Where is Your Silence?
This article was originally published in September 2014.
As a child, I have had the pleasure of playing with Padma Bhushan Harindranath Chatopadhyay almost every other day (he would drop in every morning after his walk for a cup of my grandmother’s percolated filter coffee). The very first time I heard his poem Rail Gaadi was under the dining table. The gleeful, infectious relish with which he recited it was filled with his characteristic expressions, modulation and pauses. I will never forget that space under the table… it was our fortress, free from distractions and bumbling adults.
Years later, in 1994, I read the commencement address made by the Grammy Award-winning musician Sting, at the Berklee College of Music, USA. “Paradoxically, I’m coming to believe in the importance of silence in music,” he said. “The power of silence after a phrase of music for example; the dramatic silence after the first four notes of Beethoven’s Fifth Symphony, or the space between the notes of a Miles Davis solo. There is something very specific about a rest in music. You take your foot off the pedal and pay attention. I’m wondering whether, as musicians, the most important thing we do is merely to provide a frame for silence. I’m wondering if silence itself is perhaps the mystery at the heart of music? And is silence the most perfect music of all?”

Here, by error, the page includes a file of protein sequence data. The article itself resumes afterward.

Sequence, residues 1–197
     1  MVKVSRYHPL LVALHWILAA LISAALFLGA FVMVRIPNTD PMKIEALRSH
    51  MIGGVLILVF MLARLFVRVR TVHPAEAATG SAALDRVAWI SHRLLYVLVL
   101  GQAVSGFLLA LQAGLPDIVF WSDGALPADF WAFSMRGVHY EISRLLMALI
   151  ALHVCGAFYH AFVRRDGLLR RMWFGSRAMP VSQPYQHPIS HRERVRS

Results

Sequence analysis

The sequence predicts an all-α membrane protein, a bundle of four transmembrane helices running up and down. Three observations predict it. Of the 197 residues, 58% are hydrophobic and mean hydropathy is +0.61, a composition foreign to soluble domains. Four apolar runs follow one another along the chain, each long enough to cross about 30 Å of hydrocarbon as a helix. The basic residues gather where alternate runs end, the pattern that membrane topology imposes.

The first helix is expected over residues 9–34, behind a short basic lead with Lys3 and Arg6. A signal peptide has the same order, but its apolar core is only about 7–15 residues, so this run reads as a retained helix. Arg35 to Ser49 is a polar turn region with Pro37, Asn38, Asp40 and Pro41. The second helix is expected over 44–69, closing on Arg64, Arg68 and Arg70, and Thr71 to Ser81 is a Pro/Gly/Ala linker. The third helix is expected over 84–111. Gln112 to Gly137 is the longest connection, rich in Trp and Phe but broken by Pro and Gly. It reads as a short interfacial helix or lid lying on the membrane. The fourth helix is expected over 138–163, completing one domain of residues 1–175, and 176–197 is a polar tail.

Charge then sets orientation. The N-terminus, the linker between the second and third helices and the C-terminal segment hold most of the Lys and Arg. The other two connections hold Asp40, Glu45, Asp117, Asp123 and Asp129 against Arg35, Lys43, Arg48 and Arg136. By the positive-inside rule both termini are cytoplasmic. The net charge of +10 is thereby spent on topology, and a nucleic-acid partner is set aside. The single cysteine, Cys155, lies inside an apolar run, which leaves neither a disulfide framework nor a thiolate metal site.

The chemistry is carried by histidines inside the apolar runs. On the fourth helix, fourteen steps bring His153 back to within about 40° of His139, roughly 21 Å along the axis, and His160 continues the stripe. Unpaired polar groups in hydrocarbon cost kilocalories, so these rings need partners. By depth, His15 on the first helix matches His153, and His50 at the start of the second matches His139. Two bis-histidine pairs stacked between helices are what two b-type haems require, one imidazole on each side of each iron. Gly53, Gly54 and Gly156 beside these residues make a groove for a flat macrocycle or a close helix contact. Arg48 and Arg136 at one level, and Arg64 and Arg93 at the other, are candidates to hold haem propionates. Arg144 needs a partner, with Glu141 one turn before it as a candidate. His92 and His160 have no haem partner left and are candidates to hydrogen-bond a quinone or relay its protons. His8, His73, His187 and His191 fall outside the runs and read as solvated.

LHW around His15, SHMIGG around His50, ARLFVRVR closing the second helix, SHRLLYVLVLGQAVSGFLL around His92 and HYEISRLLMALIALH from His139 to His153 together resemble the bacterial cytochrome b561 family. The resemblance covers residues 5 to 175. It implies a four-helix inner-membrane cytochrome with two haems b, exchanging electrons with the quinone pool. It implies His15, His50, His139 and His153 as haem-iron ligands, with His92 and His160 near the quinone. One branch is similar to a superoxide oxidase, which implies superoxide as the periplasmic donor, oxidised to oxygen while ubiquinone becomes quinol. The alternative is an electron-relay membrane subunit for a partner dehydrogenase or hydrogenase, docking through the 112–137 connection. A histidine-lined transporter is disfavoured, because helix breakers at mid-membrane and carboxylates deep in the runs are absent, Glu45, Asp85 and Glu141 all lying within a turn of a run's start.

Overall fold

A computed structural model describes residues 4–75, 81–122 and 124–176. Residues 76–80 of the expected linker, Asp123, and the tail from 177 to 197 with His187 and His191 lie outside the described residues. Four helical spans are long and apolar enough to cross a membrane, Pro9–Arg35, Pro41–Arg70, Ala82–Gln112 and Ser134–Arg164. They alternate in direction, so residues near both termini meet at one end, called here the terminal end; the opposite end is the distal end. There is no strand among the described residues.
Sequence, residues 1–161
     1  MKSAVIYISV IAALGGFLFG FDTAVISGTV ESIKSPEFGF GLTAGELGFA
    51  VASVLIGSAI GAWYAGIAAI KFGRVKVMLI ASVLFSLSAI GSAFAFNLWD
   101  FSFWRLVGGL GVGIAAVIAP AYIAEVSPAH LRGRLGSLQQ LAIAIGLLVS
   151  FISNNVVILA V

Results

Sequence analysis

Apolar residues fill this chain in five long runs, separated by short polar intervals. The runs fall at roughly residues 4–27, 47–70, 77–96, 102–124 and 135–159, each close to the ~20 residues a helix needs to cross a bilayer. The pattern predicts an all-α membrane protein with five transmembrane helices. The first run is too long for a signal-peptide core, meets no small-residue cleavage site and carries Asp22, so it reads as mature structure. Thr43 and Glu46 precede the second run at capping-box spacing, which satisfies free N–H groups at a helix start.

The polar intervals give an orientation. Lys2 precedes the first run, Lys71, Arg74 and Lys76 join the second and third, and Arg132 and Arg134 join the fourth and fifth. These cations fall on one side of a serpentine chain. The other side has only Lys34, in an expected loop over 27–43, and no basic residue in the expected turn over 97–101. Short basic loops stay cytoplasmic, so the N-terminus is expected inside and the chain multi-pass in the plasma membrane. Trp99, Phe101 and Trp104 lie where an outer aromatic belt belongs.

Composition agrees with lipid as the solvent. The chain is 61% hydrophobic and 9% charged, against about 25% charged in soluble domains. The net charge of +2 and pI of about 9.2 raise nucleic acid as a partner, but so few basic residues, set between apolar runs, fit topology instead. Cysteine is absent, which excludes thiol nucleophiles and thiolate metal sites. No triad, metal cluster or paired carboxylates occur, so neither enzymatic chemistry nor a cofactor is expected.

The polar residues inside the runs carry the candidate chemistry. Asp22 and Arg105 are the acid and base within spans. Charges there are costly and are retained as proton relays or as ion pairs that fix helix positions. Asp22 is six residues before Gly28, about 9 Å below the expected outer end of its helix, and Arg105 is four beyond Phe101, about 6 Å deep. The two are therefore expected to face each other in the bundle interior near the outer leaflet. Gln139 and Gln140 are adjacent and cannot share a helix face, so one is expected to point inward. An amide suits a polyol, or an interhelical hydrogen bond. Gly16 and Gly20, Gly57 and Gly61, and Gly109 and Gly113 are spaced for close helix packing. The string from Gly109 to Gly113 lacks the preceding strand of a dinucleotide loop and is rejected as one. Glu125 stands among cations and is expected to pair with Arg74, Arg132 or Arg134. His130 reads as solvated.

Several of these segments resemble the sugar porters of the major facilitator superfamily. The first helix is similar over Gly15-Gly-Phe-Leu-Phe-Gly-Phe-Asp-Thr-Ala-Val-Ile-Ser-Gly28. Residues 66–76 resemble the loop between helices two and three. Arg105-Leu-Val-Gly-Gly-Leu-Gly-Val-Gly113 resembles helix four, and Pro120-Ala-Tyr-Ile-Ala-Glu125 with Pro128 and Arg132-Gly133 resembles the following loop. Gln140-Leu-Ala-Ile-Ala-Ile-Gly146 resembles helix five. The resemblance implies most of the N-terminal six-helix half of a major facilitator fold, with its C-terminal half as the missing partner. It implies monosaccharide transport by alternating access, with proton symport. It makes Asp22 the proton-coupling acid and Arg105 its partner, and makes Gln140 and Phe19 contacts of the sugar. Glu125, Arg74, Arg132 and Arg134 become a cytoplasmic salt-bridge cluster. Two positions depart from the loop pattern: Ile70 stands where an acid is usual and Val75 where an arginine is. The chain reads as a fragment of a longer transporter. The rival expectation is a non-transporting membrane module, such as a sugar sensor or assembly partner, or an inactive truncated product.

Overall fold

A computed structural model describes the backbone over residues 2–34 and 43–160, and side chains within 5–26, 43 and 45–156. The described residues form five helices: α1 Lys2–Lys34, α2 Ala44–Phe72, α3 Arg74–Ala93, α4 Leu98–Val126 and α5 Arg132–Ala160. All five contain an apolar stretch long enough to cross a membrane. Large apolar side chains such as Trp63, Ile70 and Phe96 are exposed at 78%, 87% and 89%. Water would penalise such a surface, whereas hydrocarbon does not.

Space, silence, nothingness. I have realised that silence and emptiness are the most underestimated aspect of both photography and life. It is also the most misjudged. Our entire search in photography begins with trying to find something to put into a space. How many times has a student of photography been told… “Here is a subject. How will you shoot it?” I would now much rather be asked… “Here is space. How will you use it?”
Every rule of composition, be it in music, poetry recitation, or photography, is constructed around space and silence. I remember reading a quote by Harindranath Chatopadhyay on the back cover of one of his books… “You who do not acknowledge my presence, will forever be haunted by my absence.” And haunted we are! I cannot think of a more apt quote for us today.Tags: August 2012, Composition, Harindranath Chatopadhyay, K Madhavan Pillai, music, Poetry, Silence